Comic Book / The Legend of Bold Riley
The Legend of Bold Riley
, Leia Weathington's debut graphic novel
, tells the story of Rilavashana SanParite, or Bold Riley, princess of the fictional nation of Prakkalore. Restless to see the world beyond her capital city, Riley—swashbuckler, hero, ladies' woman—hits the road. Her adventures are presented as a series of vignettes:
- Prologue: Riley's backstory
- The Blue God: As she sets out on her journey, Riley does a favor for a goatherd, which quickly takes a turn for the weirder.
- The Serpent in the Belly: Riley attempts to uncover the reason for the unfortunate personality change of a woman's missing husband.
- The Strange Bath: The hospitality of the Olin-Tunn tribe has a mischevious twist.
- The Wicked Temple: Riley encounters the resident spirits in a temple in the monsoon-soaked jungles of Ang-Warr.
- The Golden Trumpet Tree: Riley falls for the steward of the Golden Trumpet Tree.
A second volume of stories called The Legend of Bold Riley: Unspun
has been funded by a successful Kickstarter campaign
This comic provides examples of:
- Action Hero: Riley falls squarely between the Guile Hero and this trope. She's easily able to outwit most foes, but doesn't hesitate to use her sword— in fact, she's sometimes TOO quick to use it.
- Ambiguously Brown: Coming from a Fantasy Counterpart Culture of India, this makes sense
- Badass Gay: Riley doesn't hesitate to use her wicked skills with a sword, usually while beautifully dressed.
- Badass Boast: In The Serpent in the Belly— "They call me Bold Riley. But it is better that you should call me your death."
- But Liquor Is Quicker: Subverted in The Wicked Temple. Jahretta and her girls get Riley drunk in order to enjoy her body in more...sinister...ways.
- Chekhov's Skill: In the prologue, we learn that Riley's brother is very good at botany. Turns out in The Blue God that some of that knowledge rubbed off on Riley. It comes in handy.
- Coming-Out Story: Averted. Riley's sexuality is not a major plot point (save for the fact that she always gets the girl) and is treated as a simple matter of fact.
- Don't Touch It, You Idiot!: In The Wicked Temple, Galliroh suggests that the eponymous temple is not the...safest...place for Riley to take shelter from the rain. Guess where she immediately heads?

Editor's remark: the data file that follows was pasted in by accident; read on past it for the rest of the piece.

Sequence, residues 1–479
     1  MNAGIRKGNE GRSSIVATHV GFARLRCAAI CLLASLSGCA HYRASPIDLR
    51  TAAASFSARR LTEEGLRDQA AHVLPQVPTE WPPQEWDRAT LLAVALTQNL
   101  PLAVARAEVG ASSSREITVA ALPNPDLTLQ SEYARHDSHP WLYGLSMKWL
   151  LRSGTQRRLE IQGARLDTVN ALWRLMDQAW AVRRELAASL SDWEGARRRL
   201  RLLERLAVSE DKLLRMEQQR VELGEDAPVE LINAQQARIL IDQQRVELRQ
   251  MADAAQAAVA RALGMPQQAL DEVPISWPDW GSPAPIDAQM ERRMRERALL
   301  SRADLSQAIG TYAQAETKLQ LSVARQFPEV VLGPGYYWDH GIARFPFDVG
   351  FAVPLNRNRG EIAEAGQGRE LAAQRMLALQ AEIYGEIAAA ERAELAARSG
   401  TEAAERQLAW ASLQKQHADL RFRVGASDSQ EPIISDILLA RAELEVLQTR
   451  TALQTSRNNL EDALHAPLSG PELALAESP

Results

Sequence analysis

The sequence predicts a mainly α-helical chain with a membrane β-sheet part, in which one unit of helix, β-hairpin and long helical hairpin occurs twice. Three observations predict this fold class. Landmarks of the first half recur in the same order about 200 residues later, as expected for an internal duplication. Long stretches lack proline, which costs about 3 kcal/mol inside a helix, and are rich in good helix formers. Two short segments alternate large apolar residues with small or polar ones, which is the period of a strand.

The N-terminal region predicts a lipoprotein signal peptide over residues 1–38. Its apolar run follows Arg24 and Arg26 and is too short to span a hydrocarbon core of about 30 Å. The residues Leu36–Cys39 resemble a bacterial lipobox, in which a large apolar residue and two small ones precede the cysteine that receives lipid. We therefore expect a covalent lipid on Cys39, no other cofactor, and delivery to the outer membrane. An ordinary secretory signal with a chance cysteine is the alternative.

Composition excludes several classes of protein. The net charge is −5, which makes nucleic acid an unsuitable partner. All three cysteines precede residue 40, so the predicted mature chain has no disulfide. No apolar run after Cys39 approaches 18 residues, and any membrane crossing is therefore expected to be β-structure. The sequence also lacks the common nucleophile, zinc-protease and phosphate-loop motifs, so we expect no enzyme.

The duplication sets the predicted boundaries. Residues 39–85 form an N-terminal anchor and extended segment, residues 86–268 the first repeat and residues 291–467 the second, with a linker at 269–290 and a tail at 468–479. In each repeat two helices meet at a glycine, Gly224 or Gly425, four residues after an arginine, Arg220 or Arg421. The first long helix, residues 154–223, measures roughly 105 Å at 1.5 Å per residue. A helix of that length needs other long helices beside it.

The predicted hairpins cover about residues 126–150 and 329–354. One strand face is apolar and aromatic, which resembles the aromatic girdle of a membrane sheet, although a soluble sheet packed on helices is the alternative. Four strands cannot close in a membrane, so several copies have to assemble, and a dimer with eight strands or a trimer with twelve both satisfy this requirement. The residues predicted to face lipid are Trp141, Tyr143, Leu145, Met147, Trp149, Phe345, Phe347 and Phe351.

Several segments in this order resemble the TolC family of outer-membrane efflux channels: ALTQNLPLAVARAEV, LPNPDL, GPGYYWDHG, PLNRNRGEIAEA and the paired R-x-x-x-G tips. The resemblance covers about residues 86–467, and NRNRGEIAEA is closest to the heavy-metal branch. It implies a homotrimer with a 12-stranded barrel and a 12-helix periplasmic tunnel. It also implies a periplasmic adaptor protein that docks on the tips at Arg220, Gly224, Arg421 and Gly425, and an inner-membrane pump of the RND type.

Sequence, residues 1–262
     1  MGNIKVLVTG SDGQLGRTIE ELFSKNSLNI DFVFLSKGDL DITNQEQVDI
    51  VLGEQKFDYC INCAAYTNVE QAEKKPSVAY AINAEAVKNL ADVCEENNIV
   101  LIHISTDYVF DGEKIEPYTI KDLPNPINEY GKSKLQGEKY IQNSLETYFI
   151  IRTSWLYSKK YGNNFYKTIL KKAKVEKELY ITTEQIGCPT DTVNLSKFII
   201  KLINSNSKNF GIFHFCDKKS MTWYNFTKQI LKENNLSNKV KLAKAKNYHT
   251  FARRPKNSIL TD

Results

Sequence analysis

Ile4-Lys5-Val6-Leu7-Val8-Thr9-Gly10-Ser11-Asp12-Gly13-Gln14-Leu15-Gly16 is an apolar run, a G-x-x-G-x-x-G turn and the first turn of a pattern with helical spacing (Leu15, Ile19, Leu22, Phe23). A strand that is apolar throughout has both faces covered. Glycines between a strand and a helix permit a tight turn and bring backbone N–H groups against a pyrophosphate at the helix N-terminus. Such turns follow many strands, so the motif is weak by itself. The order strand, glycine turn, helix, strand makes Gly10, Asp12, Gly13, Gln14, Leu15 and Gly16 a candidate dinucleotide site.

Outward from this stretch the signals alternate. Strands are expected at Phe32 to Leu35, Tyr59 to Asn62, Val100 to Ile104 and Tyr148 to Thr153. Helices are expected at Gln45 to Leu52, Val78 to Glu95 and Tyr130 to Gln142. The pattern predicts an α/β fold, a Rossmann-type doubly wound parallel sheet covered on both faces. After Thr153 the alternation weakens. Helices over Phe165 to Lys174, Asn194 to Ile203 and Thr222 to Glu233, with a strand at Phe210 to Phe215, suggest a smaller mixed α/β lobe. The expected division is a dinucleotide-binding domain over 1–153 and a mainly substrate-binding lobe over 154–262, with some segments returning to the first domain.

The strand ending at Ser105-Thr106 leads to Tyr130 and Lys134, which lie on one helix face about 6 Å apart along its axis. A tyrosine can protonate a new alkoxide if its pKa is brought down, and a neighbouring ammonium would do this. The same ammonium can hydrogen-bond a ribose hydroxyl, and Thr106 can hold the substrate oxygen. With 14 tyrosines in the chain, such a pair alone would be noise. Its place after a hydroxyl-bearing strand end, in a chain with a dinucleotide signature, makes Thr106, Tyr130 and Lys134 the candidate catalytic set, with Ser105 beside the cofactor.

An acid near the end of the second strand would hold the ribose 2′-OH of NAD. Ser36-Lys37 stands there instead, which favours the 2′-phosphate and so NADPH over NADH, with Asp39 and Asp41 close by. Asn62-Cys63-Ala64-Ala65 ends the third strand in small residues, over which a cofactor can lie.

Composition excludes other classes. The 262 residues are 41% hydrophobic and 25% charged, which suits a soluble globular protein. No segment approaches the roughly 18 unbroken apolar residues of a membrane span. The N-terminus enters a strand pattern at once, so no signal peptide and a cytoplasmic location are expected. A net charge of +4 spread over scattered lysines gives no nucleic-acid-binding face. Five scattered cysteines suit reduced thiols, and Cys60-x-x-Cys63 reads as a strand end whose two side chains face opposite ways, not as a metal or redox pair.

- Downer Ending: The Golden Trumpet Tree.
- Fantasy Counterpart Culture: Prakkalore seems to be one for India, Conchenn seems to be vaguely Incan/Aztec, and Ang-Warr is Cambodia-esque (specifically Angkor Wat)
- God Was My Copilot: This happens twice to Bold Riley: the goatherd turns out to be the titular Blue God (a patron deity of Prakkalore, it turns out), and Galliroh turns out to be the patron god of Ang-Warr. Although in the second case the icognito god in question is clearly not normal being as he's a bird who can talk and has power over rain, and it's implied that Bold Riley knew he was a god from the start, but was just messing with him by pretending to not know who he was.
- Heroic Sacrifice: Gheumen, whose life is tied to that of the Golden Trumpet Tree, allows the people of Quifen to use the tree's roots to make a medicine for the plague that has been killing them. The process kills her.
- Mundane Solution: Riley faced a terrible monster who hides in a well and drowns young men and eats their bones. She couldn't attack her, and the creature dismissed her and went back to hiding in her well for the next unsuspecting man. Riley places a large stone over it and leaves humming.
- Rescue Romance
- Revenge Before Reason: Barely averted— In The Golden Trumpet Tree, Riley is seconds away from slitting the throat of the man she thinks is responsible for her lover's death before other characters give her information that allows her to figure out Gheumen's Heroic Sacrifice.
- Some Call Me Tim: Riley gets her nickname when her foreign history tutor can't pronounce "Rilavashana."
- Temple of Doom: The Wicked Temple.
- "The Reason You Suck" Speech: Riley, to the Big Bad in The Serpent In The Belly, directly preceding the above-mentioned Badass Boast.
- Uh-Oh Eyes: In The Serpent in the Belly, the husband's eyes sinking "deep into his face" hint at his Demonic Possession.